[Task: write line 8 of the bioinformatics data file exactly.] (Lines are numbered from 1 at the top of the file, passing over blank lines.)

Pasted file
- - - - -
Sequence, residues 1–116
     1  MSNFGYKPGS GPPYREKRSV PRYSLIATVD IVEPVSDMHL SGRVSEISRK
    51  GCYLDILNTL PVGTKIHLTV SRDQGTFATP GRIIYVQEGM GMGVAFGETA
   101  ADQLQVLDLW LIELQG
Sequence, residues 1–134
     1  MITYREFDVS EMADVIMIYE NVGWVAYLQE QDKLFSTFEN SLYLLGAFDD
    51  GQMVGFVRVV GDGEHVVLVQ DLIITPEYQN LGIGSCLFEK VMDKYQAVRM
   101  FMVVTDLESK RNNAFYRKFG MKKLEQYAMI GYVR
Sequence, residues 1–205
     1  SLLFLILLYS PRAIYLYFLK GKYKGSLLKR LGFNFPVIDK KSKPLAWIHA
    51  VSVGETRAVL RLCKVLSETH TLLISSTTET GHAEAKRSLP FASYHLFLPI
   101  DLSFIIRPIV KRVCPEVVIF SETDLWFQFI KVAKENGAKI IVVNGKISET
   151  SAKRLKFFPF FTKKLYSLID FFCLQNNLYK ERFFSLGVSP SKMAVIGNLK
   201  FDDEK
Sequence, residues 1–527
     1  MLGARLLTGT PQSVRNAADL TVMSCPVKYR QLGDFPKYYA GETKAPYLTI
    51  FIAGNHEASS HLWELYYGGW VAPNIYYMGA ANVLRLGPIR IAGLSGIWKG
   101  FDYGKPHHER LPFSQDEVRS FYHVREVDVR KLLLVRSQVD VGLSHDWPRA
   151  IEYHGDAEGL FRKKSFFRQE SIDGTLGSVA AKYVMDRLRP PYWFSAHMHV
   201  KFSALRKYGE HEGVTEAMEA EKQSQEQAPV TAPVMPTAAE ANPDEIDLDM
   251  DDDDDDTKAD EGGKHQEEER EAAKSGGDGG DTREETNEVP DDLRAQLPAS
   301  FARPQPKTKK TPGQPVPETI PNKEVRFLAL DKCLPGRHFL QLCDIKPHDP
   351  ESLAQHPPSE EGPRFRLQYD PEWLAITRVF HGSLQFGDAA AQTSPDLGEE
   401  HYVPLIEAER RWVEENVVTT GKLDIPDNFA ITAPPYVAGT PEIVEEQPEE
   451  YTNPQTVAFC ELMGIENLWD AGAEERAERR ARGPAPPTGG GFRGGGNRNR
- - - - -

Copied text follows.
   101  FMVVTDLESK RNNAFYRKFG MKKLEQYAMI GYVR